Cytoplasmic vesicles formed when COATED VESICLES shed their CLATHRIN coat. Endosomes internalize macromolecules bound by receptors on the cell surface.
Cellular uptake of extracellular materials within membrane-limited vacuoles or microvesicles. ENDOSOMES play a central role in endocytosis.
A genetically related subfamily of RAB GTP-BINDING PROTEINS involved in transport from the cell membrane to early endosomes. This enzyme was formerly listed as EC
A large family of MONOMERIC GTP-BINDING PROTEINS that play a key role in cellular secretory and endocytic pathways. EC 3.6.1.-.
A class of morphologically heterogeneous cytoplasmic particles in animal and plant tissues characterized by their content of hydrolytic enzymes and the structure-linked latency of these enzymes. The intracellular functions of lysosomes depend on their lytic potential. The single unit membrane of the lysosome acts as a barrier between the enzymes enclosed in the lysosome and the external substrate. The activity of the enzymes contained in lysosomes is limited or nil unless the vesicle in which they are enclosed is ruptured. Such rupture is supposed to be under metabolic (hormonal) control. (From Rieger et al., Glossary of Genetics: Classical and Molecular, 5th ed)
The process of moving proteins from one cellular compartment (including extracellular) to another by various sorting and transport mechanisms such as gated transport, protein translocation, and vesicular transport.
A broad category of proteins involved in the formation, transport and dissolution of TRANSPORT VESICLES. They play a role in the intracellular transport of molecules contained within membrane vesicles. Vesicular transport proteins are distinguished from MEMBRANE TRANSPORT PROTEINS, which move molecules across membranes, by the mode in which the molecules are transported.
A network of membrane compartments, located at the cytoplasmic side of the GOLGI APPARATUS, where proteins and lipids are sorted for transport to various locations in the cell or cell membrane.
A genetically related subfamily of RAB GTP-BINDING PROTEINS involved in recycling of proteins such as cell surface receptors from early endosomes to the cell surface. This enzyme was formerly listed as EC
Specific particles of membrane-bound organized living substances present in eukaryotic cells, such as the MITOCHONDRIA; the GOLGI APPARATUS; ENDOPLASMIC RETICULUM; LYSOSOMES; PLASTIDS; and VACUOLES.
An iron-binding beta1-globulin that is synthesized in the LIVER and secreted into the blood. It plays a central role in the transport of IRON throughout the circulation. A variety of transferrin isoforms exist in humans, including some that are considered markers for specific disease states.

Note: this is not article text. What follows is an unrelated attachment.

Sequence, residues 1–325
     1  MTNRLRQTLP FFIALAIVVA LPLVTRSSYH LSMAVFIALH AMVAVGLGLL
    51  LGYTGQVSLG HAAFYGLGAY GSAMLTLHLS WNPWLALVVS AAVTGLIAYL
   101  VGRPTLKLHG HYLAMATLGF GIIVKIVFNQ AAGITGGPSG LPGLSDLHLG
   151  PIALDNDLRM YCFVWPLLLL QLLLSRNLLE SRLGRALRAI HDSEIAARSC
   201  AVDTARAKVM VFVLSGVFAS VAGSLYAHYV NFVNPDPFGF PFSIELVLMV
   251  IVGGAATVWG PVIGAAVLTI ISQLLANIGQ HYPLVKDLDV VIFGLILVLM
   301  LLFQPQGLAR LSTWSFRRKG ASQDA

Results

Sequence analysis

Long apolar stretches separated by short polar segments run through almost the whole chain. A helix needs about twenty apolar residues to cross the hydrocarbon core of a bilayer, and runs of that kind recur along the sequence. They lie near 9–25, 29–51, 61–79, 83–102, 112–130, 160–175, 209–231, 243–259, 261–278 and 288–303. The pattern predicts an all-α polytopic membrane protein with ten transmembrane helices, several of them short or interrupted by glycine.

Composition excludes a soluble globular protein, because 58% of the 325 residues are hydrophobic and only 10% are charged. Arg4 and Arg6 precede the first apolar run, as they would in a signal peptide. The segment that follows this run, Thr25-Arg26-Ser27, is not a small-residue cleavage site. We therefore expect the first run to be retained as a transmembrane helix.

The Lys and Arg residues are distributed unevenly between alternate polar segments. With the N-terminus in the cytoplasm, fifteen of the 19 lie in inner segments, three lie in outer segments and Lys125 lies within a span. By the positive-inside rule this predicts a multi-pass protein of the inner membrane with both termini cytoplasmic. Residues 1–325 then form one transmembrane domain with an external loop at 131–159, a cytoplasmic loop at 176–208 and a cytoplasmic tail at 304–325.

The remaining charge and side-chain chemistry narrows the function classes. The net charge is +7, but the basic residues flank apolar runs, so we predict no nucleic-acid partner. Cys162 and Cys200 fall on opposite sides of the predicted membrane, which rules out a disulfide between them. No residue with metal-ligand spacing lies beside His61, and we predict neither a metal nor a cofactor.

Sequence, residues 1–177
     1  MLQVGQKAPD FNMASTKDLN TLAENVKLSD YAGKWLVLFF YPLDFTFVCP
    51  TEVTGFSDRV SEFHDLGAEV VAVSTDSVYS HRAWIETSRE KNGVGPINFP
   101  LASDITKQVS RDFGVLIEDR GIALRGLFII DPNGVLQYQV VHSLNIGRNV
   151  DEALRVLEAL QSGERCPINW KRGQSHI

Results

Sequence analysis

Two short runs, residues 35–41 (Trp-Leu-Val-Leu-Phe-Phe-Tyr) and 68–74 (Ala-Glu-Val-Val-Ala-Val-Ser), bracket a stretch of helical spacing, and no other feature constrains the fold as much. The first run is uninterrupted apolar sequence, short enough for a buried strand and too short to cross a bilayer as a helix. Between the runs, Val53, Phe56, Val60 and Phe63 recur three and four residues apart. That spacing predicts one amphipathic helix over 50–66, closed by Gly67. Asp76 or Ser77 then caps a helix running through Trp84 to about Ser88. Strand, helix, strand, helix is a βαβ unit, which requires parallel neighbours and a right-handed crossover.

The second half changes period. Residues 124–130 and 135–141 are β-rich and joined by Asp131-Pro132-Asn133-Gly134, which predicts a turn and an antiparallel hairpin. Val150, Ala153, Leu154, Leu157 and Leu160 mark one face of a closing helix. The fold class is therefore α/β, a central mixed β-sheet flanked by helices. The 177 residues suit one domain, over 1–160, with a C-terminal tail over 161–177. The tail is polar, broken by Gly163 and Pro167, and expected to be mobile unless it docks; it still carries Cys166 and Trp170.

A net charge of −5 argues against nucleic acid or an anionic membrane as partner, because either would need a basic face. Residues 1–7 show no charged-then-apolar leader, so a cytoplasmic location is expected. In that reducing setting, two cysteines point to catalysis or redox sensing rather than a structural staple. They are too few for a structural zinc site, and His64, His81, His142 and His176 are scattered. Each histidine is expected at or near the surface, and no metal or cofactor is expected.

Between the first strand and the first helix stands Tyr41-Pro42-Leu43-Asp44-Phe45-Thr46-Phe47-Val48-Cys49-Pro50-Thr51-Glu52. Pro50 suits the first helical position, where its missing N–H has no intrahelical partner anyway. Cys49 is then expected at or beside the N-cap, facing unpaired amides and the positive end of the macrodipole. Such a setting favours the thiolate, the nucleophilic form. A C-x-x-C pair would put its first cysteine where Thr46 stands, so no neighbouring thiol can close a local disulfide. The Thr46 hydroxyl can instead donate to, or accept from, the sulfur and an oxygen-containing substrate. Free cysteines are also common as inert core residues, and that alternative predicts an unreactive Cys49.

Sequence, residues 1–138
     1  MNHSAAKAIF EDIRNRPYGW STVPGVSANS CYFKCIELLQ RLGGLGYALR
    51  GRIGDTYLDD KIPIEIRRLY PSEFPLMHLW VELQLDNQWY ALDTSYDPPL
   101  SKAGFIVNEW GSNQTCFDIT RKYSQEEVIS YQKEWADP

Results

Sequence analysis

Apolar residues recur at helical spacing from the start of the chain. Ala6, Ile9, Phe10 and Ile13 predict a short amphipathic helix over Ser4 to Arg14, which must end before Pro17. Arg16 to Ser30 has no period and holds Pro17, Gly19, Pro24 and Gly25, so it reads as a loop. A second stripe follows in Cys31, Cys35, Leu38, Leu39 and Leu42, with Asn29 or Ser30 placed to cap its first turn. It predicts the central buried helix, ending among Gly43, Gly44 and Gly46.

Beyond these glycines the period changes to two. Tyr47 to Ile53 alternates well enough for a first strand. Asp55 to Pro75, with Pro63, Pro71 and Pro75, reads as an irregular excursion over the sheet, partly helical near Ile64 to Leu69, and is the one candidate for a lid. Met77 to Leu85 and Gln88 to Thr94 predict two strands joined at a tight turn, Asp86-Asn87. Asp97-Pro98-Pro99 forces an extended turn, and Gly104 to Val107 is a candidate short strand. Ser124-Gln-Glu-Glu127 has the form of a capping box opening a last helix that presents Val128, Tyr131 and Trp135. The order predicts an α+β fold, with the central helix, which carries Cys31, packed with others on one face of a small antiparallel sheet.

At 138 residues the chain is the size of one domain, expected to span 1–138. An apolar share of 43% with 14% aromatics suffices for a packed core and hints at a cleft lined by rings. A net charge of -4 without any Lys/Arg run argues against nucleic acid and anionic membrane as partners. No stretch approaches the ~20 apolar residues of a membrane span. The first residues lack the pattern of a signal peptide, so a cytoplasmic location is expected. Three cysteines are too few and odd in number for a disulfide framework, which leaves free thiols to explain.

The main structural coat protein of COATED VESICLES which play a key role in the intracellular transport between membranous organelles. Each molecule of clathrin consists of three light chains (CLATHRIN LIGHT CHAINS) and three heavy chains (CLATHRIN HEAVY CHAINS) that form a structure called a triskelion. Clathrin also interacts with cytoskeletal proteins.
Membrane glycoproteins found in high concentrations on iron-utilizing cells. They specifically bind iron-bearing transferrin, are endocytosed with its ligand and then returned to the cell surface where transferrin without its iron is released.
A set of protein subcomplexes involved in PROTEIN SORTING of UBIQUITINATED PROTEINS into intraluminal vesicles of MULTIVESICULAR BODIES and in membrane scission during formation of intraluminal vesicles, during the final step of CYTOKINESIS, and during the budding of enveloped viruses. The ESCRT machinery is comprised of the protein products of Class E vacuolar protein sorting genes.
A stack of flattened vesicles that functions in posttranslational processing and sorting of proteins, receiving them from the rough ENDOPLASMIC RETICULUM and directing them to secretory vesicles, LYSOSOMES, or the CELL MEMBRANE. The movement of proteins takes place by transfer vesicles that bud off from the rough endoplasmic reticulum or Golgi apparatus and fuse with the Golgi, lysosomes or cell membrane. (From Glick, Glossary of Biochemistry and Molecular Biology, 1990)
A partitioning within cells due to the selectively permeable membranes which enclose each of the separate parts, e.g., mitochondria, lysosomes, etc.
Endosomes containing intraluminal vesicles which are formed by the inward budding of the endosome membrane. Multivesicular bodies (MVBs) may fuse with other organelles such as LYSOSOMES or fuse back with the PLASMA MEMBRANE releasing their contents by EXOCYTOSIS. The MVB intraluminal vesicles released into the extracellular environment are known as EXOSOMES.